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Oil money has been flowing into Equatorial Guinea for two decades now, prompting inflation. On Bioko island, the price of monkey meat has soared, making it a status symbol that threatens the primates' existence.
Shoppers jostle amongst the stalls at a market in the capital city of Malabo, on Bioko Island. As the northernmost part of Equatorial Guinea, the island is 32 kilometers (20 miles) off the African coast. Oil money has been flowing into Equatorial Guinea for almost 20 years, making it the richest per capita of the Sub-Saharan African countries. For those who've managed to profit, there's no shortage of items on which to splurge. Vendors sell everything from music and football jerseys to traditional medicine.
Tucked away in the back corner is a line of men with blowtorches and machetes, standing over tables topped with metallic grates. They are preparing bushmeat - the meat of local wild animals - from giant rat to forest antelope.
A shopper waiting near the table says the blowtorch is used to clean the animals before they are sold. She says the meat is from the forest. Today she's buying pangolin, a cat-sized mammal covered in scales that resemble the outside of an artichoke. It costs 20 thousand Central African Francs, or about 30 euros ($40).
A monkey carcass has just appeared - the second one this morning. The carcass is charred black, but its face, long tail and slender fingers are unmistakably monkey. The vendors aren't thrilled to see foreigners. Outsiders can only stay for a few minutes before the man singeing the monkey meat makes a menacing gesture with his machete.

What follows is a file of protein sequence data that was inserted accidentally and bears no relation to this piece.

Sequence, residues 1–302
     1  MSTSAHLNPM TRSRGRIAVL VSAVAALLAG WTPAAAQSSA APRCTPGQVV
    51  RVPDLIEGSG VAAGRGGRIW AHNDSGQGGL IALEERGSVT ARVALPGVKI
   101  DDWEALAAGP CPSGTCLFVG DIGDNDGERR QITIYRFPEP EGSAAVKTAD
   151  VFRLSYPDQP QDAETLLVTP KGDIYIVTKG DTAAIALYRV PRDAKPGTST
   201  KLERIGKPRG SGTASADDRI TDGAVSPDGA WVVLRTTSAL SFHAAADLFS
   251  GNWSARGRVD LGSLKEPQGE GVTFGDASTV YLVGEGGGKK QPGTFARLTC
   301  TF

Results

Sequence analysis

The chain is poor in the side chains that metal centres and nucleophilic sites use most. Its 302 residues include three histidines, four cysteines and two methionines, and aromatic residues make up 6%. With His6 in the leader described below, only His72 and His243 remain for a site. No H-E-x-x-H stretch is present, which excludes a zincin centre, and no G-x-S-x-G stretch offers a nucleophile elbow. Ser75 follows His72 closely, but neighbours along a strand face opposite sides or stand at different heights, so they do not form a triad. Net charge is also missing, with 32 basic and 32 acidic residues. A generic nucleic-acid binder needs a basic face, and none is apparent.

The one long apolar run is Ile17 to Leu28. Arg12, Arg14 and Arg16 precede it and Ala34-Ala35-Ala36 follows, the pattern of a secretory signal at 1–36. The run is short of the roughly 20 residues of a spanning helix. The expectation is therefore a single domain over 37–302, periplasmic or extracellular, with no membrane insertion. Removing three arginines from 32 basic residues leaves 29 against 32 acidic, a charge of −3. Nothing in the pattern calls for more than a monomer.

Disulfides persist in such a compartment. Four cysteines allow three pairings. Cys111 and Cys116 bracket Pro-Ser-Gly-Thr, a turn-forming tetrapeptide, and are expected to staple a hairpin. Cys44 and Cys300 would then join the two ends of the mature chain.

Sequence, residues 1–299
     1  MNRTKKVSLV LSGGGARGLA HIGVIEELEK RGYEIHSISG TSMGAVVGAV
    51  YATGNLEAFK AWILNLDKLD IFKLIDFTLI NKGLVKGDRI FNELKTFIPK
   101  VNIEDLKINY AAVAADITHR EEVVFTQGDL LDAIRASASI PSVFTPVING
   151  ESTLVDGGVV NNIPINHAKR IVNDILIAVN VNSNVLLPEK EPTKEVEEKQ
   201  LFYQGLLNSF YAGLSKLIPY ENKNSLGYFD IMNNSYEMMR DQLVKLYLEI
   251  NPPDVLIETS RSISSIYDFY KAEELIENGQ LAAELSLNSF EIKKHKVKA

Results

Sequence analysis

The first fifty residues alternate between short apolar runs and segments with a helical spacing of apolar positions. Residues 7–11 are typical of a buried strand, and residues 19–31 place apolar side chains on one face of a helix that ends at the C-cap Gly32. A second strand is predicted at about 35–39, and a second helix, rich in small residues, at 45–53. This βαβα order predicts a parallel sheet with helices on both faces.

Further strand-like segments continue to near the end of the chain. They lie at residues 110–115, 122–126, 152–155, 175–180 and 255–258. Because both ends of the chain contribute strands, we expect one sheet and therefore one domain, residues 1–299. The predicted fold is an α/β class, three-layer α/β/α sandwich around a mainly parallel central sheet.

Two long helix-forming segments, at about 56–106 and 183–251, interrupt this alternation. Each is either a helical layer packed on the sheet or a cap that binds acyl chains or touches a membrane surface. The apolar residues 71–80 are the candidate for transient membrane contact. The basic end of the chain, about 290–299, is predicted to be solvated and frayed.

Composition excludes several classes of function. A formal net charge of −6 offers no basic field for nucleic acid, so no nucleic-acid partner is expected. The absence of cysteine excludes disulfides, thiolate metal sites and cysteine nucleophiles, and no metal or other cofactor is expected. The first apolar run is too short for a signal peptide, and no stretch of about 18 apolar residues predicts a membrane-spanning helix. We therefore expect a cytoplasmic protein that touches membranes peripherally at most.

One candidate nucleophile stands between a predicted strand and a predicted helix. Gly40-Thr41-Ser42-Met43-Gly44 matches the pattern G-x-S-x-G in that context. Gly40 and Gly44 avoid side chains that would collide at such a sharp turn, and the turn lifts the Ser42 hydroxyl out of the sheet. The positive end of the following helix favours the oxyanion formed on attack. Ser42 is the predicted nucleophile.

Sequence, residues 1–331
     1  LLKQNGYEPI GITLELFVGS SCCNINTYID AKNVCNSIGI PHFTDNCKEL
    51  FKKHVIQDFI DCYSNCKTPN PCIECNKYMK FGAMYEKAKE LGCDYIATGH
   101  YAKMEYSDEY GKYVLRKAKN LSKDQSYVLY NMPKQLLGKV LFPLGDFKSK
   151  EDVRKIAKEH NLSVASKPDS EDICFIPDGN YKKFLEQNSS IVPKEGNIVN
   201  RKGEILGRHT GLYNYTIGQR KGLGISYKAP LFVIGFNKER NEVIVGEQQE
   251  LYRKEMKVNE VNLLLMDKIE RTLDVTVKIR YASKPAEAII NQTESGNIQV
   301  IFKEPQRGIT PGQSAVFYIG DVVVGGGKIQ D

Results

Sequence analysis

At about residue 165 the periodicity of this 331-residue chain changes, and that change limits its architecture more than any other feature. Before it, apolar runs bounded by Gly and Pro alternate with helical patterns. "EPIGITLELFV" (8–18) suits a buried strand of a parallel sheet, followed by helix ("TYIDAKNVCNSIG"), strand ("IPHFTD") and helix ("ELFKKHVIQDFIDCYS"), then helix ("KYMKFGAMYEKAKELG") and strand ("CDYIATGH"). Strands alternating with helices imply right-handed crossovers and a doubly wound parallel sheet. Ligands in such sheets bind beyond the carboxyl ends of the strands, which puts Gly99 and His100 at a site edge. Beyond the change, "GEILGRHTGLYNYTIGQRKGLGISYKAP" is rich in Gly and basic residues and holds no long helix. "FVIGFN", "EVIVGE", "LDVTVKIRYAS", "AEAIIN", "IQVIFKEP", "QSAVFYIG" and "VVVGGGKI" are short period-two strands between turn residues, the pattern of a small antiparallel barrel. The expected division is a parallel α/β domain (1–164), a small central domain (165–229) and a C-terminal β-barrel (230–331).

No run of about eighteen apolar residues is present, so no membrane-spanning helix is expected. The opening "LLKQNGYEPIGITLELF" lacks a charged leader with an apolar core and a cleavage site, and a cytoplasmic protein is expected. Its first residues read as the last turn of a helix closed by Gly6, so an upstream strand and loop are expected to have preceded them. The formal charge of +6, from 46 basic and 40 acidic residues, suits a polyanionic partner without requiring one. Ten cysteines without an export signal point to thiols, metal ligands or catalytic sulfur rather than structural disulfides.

According to the Bioko Biodiversity Protection Program (BBPP) more than 240,000 carcasses have been sold over the past decade and a half. About a fifth of those were monkeys.
Drew Cronin, a biologist from Philadelphia's Drexel University, has been analyzing data gathered by the BBPP.
He said oil money makes it unnecessary for locals to eat bushmeat - but inflation is turning Bioko bushmeat into a status symbol.
"The inflation in Malabo from the petroleum industry has caused the bushmeat prices to go to a point where the average person cannot afford it," Cronin said. "The argument that you have on the mainland in West Africa, where people need this for sustenance, does not apply on this island. It's definitely a luxury item."
Bushmeat is commonly consumed in West Africa, but there is a ban on monkey meat. This is intended to protect the primates, but it's also a public health measure. Eating monkey meat can lead to the transmission of diseases between animals and humans.
Nevertheless, monkey remains a rare delicacy here. Cronin likens it to having a lobster dinner.
"There's definitely a status involved ‘look at what I've provided at this table,'" Cronin said.
Instead of deterring poachers, a ban passed in 2007 had the opposite effect. It turned monkey meat into a sought-after status symbol. Since the ban, the number of monkeys coming through the bushmeat market has increased.